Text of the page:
Statues that were stolen yesterday in Cuernavaca. Statues that were stolen yesterday in Morelos.

Bronze statues among loot in Cuernavaca

The pieces were in storage, awaiting relocation from the Plaza de Armas

Thieves made off with four bronze statues, three trucks and a road roller early Monday morning in Cuernavaca, giving the local administration another excuse to complain about the state of Morelos’ Single Command police force.

The four statues, all by contemporary sculptor Miguel Michel, and the vehicles were taken from a municipal warehouse.

The statues had been located in the city’s main square, the Plaza de Armas, since 2010 but were removed in February last year during a renovation of the city’s historic center. The municipality was planning to relocate them to the Museum of the City and municipal headquarters.

A representative of the municipal administration said four armed men entered the storage facility, subdued a night watchman and locked him up in a washroom.

José de Jesús Guízar Nájera blamed the Single Command police system for the lack of surveillance in the area, adding that like the storage facility, many municipal offices lack proper protection.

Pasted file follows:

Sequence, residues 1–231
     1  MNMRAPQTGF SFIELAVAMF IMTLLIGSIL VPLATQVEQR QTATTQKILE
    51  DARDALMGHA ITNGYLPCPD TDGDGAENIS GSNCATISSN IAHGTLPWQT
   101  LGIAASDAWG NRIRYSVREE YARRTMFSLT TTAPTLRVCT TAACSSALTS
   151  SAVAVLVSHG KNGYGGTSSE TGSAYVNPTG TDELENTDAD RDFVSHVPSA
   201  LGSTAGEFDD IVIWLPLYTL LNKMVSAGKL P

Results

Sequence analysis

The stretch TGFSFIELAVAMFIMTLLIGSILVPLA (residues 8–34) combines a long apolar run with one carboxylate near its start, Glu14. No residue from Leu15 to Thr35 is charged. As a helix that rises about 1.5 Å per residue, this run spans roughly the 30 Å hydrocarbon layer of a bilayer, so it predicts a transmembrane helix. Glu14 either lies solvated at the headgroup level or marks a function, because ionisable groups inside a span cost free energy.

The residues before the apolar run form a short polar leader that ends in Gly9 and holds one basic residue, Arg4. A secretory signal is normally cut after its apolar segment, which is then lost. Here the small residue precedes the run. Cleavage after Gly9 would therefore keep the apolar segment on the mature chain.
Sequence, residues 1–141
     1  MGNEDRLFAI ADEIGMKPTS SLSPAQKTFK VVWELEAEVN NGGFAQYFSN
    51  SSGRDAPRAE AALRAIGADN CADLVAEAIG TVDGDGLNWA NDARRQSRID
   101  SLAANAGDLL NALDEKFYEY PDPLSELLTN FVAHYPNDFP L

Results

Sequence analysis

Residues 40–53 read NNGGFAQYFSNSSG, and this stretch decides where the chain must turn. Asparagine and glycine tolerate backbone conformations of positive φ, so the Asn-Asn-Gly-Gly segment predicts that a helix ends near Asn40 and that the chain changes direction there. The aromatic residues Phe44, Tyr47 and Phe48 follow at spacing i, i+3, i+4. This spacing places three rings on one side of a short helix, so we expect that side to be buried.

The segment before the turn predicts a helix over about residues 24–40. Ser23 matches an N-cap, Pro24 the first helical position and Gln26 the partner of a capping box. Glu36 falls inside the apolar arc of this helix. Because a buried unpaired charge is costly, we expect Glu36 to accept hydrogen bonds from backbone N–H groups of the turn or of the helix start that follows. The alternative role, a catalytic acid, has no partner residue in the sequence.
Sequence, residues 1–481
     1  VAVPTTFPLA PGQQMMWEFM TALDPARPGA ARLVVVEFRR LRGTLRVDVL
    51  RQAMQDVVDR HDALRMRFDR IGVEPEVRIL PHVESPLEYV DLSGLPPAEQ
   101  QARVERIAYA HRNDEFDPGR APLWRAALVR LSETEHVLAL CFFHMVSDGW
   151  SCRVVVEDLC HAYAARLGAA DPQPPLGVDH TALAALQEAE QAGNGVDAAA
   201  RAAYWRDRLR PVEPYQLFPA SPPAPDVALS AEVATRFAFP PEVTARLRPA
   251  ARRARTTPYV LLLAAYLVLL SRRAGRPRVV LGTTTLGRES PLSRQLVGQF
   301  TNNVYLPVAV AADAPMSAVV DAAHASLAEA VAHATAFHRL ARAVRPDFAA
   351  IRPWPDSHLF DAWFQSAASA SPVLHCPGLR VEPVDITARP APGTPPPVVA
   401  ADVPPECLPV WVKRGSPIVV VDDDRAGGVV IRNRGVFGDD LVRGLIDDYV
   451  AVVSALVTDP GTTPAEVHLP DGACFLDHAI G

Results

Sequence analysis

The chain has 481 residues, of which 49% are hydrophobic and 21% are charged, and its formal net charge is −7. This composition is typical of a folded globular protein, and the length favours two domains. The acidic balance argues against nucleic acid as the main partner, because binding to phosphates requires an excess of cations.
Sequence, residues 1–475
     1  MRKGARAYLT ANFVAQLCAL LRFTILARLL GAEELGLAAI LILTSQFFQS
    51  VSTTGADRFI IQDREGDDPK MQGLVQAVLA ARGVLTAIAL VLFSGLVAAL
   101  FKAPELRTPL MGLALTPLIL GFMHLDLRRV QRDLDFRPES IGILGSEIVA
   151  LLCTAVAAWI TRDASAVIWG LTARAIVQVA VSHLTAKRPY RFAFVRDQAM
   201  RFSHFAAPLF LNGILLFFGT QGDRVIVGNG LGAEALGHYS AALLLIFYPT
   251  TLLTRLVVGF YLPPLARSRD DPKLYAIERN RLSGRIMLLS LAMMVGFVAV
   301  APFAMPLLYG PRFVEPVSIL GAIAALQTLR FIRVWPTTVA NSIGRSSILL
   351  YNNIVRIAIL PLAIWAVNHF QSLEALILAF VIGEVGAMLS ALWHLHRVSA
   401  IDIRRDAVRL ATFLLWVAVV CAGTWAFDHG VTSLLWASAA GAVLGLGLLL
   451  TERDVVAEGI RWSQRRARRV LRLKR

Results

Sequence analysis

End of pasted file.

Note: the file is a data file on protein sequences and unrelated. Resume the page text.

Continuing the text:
The municipality and its former soccer star mayor, Cuauhtémoc Blanco, have been at odds with the state government over the controversial Mando Único system.

Despite there being evidence captured by surveillance cameras that the stolen vehicles traveled to the municipality of Huitzilac, the thieves have yet to be detained, Guízar lamented.

He said the cost of the sculptures had not been estimated but that the municipal equipment was worth more than 2.5 million pesos (US $137,000).

Art historian María Helena González López said the theft of the sculptures represented an “unquantifiable” cultural and artistic loss for the people of Cuernavaca.

The pieces had been commissioned for the centenary of the Mexican Revolution in 2010. A fifth statue, depicting Emiliano Zapata on horseback, was left by thieves, presumably because it was too heavy to move.

“It’s a shame that the vandals didn’t take into consideration the heritage that belongs to everyone . . . and that the value the pieces have is part of the state’s cultural and historic wealth,” she said.

The thieves will probably appreciate more the value of the bronze with which they were made.

Source: El Universal (sp), La Unión (sp), Diario de Morelos (sp)

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